- “I realize Maverick isn’t feeling well and Aprilia’s decision is always nice.
- “I believe the riders appreciate it, and I hope it doesn’t happen again.”
Four Minutes Into the Malaysian MotoGP
Honda’s Simoncelli collapsed and was hit by Colin Edwards and Valentino Rossi.
- Simoncelli’s helmet was smashed as he fell from his bike at Turn 11.
- Simoncelli’s bike drifted across the track, and into Edwards and Rossi’s path. The race was halted immediately.
- He had “quite catastrophic head, neck, and chest trauma” and went into cardiac arrest, MotoGP medical director Michele Macchiagodena said.
- At 4:56 pm local time (0856 GMT), Marco, unfortunately, succumbed to his injuries, MotoGP confirmed in a somber statement.
“MotoGP sends its sincere sympathies to Marco’s family, friends, and team.”
Simoncelli had been fourth after the first lap when he was hit.
A Ducati Rider, Rossi
Was allowed to return to the pits after Edwards fell.
- “It’s done. He died. He died from his wounds “a Dorna official stated on condition of anonymity before a formal announcement.
- Despite a final race in Spain, Casey Stoner won the 2011 title last weekend in Australia.
- Stoner admitted he feared the worst just after the crash.
- “I felt sick as soon as I viewed the clip,” the Australian told BBC2.
- “Losing the helmet is a bad indication.”
- His fellow riders paid tribute.
Cal Crutchlow, of Britain, tweeted: “Marco Simoncelli, rest in peace. A great rider and a friendly person. My condolences to his family & friends. Today is a day I won’t”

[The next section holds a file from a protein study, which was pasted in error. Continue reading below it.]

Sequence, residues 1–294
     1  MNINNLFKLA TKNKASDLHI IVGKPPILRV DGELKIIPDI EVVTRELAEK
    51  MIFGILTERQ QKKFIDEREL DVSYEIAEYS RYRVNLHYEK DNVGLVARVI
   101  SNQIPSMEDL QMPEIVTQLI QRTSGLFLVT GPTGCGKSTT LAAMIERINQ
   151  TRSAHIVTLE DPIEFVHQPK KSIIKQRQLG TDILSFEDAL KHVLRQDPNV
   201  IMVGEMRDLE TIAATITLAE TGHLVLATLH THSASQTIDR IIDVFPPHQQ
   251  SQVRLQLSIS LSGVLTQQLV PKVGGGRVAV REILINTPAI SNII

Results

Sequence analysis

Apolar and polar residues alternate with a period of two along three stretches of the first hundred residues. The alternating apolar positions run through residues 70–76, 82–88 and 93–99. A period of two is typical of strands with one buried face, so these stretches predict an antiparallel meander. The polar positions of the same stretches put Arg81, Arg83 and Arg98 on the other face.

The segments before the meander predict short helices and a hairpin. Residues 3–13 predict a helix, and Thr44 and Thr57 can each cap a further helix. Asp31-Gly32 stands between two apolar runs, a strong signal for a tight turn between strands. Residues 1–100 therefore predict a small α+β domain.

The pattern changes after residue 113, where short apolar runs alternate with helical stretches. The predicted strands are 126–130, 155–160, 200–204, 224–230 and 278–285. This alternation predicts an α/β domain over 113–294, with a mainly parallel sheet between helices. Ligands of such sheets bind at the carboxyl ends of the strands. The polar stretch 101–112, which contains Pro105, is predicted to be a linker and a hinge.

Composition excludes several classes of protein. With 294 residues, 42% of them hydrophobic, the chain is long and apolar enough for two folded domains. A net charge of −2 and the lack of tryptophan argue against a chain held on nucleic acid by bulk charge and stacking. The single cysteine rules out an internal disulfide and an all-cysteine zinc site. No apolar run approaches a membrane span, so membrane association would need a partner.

Simoncelli’s Death Raised New Concerns About Safety in Motorsports
A 15-car crash killed two-time Indianapolis 500 winner Dan Wheldon last weekend, while 2010 MotoGP champion Jorge Lorenzo lost a finger in Australia during warm-ups.
- Safety in Motorsport: Less F1 and MotoGP Deaths
- They can’t predict every occurrence or variable that could occur during a race.
- It’s impossible.
- However, while many spills and crashes occur, riders and drivers are rarely killed (thankfully).
- Andrea Dovizioso, a top MotoGP racer, says:
- ‘Technology improves bikes and equipment but the human body does not.
For example, in the 1970s, professional motorcycle racing experienced 24 deaths in ten years. In the recent decade, only one death occurred in MotoGP, and it was not the highest level of racing (Marco Simoncelli).
Similarly, F1 Had 12 Deaths in the 1970s but Only 1 in the Last 25 Years (Jules Bianchi)
It has 104 riders every race, compared to 52 drivers per event in the FIA World Championship or another event driving an F1 vehicle.
- The most recent was Moto3 racer Jason Dupasquier, who died in qualifying for the Italian Grand Prix in May 2021. The 19-year-old was rushed to the hospital but died.
- Marco Simoncelli Killed in Malaysian MotoGP Crash
- After the tragic death of IndyCar driver Dan Wheldon, the entire motorsport family has been shocked by the death of MotoGP rider Marco Simoncelli.
- Four minutes into the Malaysian MotoGP race, Simoncelli lost control of his bike and was hit by Colin Edwards and Valentino Rossi.
- Simoncelli’s helmet was dislodged in the horrific crash, and he lay unconscious on the track for 45 minutes before succumbing to devastating head and chest injuries.
“On Sunday 23rd October, during the MotoGP race at the Shell Advance Malaysian Motorcycle Grand Prix at the Sepang International Circuit.
San Carlo Honda Gresini’s Italian rider Marco Simoncelli suffered a major crash with critical injuries,” the Telegraph reported.
Simoncelli Won the Moto2 Title in 2008; Three Years Before He Sadly Died!
At Sepang. In 2010, he joined the MotoGP ranks, where his wild mane of hair made him easily recognizable.
Dajiro Katoh died in the 2003 Japanese Grand Prix
The race was called off immediately after Simoncelli’s injuries were revealed.